Ashley Pearce is a secondary school economics teacher in a comprehensive school just outside of Reading. Last year he was elected as a councillor for the Labour party for an area in South Reading. He is also a Reading FC fan and keen reader of educational literature. @AshleyPearce84
In Malcolm Gladwell’s book Outliers, it was claimed that to become an expert in something took 10,000 hours of practice. He used examples from sports, arts and music alongside various professions. This 10,000 claim was questioned somewhat by the origin of this theory Anders Ericson from the University of Colorado, who said that it was an average and based on violin playing. But the broad premise still stood, practice makes perfect. Many communities across the globe still have a village elder, who imparts knowledge and advice to younger members of the society as they’ve seen and experienced it all before. At Japanese car firm Toyota, experienced staff in their final year before retirement go across different departments to share the knowledge they have accrued over the years. So what’s my point? Well, it seems to me that in many schools there is a race to leave the classroom or progress as quickly as possible. Now there is nothing wrong with ambition, and experience does not necessarily make a better candidate for roles. But why the rush to leave the wonderful job and opportunity we have to enhance the lives of young people in the classroom?
My last article for Labour teachers was entitled “For the love of teaching” that extolled the many positives we get from being in this wonderful profession. I thought about this recently when I overheard a man in my local pub who is a teacher and a similar age to me say “I’m bored of teaching, I’d like a job advising the Government on education policy”. Now I don’t know this man’s circumstances and being a Government policy advisor is a fine job to have ambition for. But it made me a bit sad that someone that could barely have been teaching ten years thought that was it, done with the classroom. Surely with the recruitment and retention crisis in schools we need as many of our teachers in classrooms as possible. It also made me think about the cult of inexperience in teaching and maybe the wider world. Again, this is not to say many younger (or inexperienced) people do not have a huge amount to offer or are the right people for any particular job but let’s remember the village elder lessons. After the 2010 general election the 3 main parties leaders were all younger (for politicians) white males. They even pretty much looked the same. Now, we have 3 major leaders above 60 years of age. At the last election I think we were all surprised at the Labour parties performance but I was more surprised at the shock of people that Jeremy Corbyn was a component public performer. He has been doing it for over 30 years, surely this means something?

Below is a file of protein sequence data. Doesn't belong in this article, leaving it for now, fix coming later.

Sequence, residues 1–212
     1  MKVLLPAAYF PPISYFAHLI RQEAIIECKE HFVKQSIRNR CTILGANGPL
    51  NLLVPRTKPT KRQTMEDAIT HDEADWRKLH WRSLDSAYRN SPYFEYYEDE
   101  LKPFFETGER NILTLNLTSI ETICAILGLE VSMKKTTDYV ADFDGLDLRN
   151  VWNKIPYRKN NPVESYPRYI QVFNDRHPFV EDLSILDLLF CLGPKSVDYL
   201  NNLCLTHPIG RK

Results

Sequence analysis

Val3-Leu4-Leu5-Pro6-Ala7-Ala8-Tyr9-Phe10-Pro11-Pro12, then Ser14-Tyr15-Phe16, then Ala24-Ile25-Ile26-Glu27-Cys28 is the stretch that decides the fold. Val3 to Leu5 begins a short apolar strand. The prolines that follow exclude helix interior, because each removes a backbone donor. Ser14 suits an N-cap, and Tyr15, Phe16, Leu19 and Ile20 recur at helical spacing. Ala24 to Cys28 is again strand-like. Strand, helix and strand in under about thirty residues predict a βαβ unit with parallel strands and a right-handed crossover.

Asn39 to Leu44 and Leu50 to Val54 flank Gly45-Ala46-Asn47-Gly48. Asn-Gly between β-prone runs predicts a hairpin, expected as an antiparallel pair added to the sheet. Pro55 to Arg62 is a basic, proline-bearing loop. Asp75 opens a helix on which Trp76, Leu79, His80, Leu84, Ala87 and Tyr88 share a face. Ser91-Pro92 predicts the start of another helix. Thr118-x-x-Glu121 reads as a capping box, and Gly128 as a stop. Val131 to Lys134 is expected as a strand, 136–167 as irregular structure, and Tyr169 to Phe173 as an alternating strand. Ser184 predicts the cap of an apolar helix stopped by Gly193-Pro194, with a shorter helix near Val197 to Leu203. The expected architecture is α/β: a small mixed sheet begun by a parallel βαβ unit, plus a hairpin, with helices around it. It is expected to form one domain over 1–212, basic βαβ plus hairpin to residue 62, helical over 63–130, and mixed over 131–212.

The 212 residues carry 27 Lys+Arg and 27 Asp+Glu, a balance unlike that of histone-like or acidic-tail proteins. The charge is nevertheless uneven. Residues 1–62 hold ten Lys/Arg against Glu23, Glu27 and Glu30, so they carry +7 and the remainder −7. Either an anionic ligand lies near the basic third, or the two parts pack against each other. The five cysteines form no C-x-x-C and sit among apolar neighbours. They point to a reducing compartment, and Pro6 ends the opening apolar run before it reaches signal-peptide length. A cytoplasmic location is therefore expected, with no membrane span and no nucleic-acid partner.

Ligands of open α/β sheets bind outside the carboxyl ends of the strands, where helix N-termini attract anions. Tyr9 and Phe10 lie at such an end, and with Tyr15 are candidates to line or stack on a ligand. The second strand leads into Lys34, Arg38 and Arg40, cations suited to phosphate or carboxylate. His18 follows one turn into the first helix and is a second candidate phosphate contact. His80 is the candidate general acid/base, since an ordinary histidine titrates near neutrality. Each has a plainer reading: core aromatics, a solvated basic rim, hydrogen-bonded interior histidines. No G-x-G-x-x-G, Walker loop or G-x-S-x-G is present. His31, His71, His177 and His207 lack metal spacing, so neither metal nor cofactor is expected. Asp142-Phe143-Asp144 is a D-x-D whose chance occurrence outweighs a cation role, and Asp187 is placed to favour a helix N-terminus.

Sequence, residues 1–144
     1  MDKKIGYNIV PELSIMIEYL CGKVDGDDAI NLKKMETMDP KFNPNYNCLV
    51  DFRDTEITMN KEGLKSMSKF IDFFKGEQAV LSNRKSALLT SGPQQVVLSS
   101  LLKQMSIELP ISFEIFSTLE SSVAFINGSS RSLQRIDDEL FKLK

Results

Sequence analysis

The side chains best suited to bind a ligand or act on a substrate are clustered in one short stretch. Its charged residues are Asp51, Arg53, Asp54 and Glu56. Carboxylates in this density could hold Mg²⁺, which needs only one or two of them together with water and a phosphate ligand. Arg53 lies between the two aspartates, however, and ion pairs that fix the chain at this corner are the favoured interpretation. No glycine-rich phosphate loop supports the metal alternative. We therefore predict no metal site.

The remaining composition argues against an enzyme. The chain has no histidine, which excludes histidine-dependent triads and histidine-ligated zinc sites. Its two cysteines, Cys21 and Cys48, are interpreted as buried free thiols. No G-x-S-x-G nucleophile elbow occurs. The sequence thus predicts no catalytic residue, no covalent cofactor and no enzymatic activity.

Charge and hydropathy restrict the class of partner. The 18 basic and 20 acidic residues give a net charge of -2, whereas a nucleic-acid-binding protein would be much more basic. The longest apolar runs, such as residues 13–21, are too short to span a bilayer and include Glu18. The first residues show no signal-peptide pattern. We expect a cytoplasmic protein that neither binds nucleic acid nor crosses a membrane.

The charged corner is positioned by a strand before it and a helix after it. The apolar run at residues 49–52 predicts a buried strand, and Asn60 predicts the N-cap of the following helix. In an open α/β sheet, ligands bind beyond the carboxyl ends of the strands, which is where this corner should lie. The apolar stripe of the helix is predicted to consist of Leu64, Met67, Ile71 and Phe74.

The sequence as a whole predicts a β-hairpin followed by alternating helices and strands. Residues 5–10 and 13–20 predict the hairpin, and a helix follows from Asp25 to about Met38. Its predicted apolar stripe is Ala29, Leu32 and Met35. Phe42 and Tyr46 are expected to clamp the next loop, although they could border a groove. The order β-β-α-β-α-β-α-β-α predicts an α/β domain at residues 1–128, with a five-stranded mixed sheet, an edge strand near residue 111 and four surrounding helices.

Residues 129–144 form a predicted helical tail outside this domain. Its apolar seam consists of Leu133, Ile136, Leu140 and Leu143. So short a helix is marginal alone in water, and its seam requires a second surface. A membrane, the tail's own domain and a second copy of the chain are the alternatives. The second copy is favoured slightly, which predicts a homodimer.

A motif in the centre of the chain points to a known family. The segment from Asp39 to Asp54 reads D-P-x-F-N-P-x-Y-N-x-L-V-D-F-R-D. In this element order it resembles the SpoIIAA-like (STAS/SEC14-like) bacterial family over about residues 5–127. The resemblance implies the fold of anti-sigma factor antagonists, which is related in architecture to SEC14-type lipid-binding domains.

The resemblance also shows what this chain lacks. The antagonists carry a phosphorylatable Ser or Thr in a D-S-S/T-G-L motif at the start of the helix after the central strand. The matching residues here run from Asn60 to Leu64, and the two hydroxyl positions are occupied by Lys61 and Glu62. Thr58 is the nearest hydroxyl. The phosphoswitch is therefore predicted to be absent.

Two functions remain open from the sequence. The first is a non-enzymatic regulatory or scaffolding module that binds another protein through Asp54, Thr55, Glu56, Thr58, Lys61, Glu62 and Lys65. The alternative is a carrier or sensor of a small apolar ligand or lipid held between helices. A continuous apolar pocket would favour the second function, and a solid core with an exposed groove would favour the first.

I suppose the point I am trying to make is threefold, don’t rush out of the classroom, seek improvement, and use all of this knowledge and experience in schools.
There should be no rush out of the classroom. Enjoy it, the inspiring of students, the creativity, the interactions. It may not take 10,000 hours but become an expert in your field.
There are also countless ways to improve and enjoy classroom practice. Watch colleagues, become an examiner, read teaching books, visit other schools. All of these can help teachers improve as practitioners and rediscover our passion for the classroom.
I am lucky that I am good friends with two of my old teachers, and a retired ex colleague of mine. I would be mad not to use this pool of nearly 100 years of experience when I need advice. They have experienced countless situations over the years and dealt with it. This doesn’t mean a younger, fresher pair of eyes doesn’t have a valid view but experience should still be counted on.
I believe that schools should be doing all that they can to keep their best teachers teaching in the classroom, and that experience isn’t overlooked.